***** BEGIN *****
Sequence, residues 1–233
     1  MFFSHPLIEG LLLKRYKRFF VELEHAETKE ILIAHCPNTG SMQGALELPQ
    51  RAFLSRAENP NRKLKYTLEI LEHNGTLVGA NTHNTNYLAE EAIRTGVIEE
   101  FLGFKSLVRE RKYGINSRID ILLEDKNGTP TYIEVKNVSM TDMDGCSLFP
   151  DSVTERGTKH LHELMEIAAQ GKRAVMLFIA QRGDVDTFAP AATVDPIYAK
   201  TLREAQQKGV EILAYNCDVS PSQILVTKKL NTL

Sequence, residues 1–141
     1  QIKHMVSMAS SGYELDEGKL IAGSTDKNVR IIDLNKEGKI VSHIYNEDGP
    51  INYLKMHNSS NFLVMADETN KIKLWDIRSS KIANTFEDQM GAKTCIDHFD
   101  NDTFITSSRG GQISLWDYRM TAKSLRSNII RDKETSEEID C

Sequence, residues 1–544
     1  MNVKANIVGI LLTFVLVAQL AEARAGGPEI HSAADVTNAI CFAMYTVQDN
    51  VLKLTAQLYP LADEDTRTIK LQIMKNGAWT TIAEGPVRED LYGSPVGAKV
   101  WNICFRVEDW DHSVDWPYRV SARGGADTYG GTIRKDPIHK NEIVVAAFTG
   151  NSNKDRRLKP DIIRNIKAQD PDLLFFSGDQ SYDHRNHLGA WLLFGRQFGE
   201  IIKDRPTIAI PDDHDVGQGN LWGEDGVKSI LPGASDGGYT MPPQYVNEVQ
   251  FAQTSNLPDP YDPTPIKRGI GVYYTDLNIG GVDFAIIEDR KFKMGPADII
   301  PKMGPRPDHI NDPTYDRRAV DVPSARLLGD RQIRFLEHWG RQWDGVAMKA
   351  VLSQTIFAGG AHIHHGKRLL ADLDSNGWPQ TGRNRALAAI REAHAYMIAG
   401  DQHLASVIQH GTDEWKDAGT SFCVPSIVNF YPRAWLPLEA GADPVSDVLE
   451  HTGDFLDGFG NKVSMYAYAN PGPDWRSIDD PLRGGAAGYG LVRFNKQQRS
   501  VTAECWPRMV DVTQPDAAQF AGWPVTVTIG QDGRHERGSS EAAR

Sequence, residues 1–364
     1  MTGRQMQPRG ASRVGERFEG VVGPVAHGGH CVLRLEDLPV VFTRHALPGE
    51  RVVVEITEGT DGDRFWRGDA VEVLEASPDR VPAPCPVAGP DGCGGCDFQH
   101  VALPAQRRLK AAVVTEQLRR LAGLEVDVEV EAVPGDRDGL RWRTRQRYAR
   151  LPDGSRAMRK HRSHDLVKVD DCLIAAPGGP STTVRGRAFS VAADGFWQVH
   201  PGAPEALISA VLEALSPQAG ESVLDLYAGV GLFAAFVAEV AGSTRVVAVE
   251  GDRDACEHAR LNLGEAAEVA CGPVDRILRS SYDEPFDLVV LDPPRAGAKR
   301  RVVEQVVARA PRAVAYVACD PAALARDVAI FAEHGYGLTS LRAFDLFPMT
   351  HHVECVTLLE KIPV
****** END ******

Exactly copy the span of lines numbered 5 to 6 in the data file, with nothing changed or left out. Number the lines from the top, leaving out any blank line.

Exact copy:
   151  DSVTERGTKH LHELMEIAAQ GKRAVMLFIA QRGDVDTFAP AATVDPIYAK
   201  TLREAQQKGV EILAYNCDVS PSQILVTKKL NTL